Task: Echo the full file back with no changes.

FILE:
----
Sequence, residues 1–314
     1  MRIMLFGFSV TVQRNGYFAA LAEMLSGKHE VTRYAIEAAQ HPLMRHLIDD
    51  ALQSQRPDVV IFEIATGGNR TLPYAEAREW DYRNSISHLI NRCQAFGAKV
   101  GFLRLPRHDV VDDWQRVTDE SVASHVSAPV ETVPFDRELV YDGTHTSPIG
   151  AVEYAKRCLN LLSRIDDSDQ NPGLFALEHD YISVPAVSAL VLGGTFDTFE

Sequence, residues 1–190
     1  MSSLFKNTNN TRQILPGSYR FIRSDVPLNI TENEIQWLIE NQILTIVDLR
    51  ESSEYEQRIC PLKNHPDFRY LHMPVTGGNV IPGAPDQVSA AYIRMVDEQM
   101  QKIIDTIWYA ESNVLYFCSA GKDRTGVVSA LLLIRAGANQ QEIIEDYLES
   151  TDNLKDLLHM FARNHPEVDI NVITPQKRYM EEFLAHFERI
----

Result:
Sequence, residues 1–314
     1  MRIMLFGFSV TVQRNGYFAA LAEMLSGKHE VTRYAIEAAQ HPLMRHLIDD
    51  ALQSQRPDVV IFEIATGGNR TLPYAEAREW DYRNSISHLI NRCQAFGAKV
   101  GFLRLPRHDV VDDWQRVTDE SVASHVSAPV ETVPFDRELV YDGTHTSPIG
   151  AVEYAKRCLN LLSRIDDSDQ NPGLFALEHD YISVPAVSAL VLGGTFDTFE

Sequence, residues 1–190
     1  MSSLFKNTNN TRQILPGSYR FIRSDVPLNI TENEIQWLIE NQILTIVDLR
    51  ESSEYEQRIC PLKNHPDFRY LHMPVTGGNV IPGAPDQVSA AYIRMVDEQM
   101  QKIIDTIWYA ESNVLYFCSA GKDRTGVVSA LLLIRAGANQ QEIIEDYLES
   151  TDNLKDLLHM FARNHPEVDI NVITPQKRYM EEFLAHFERI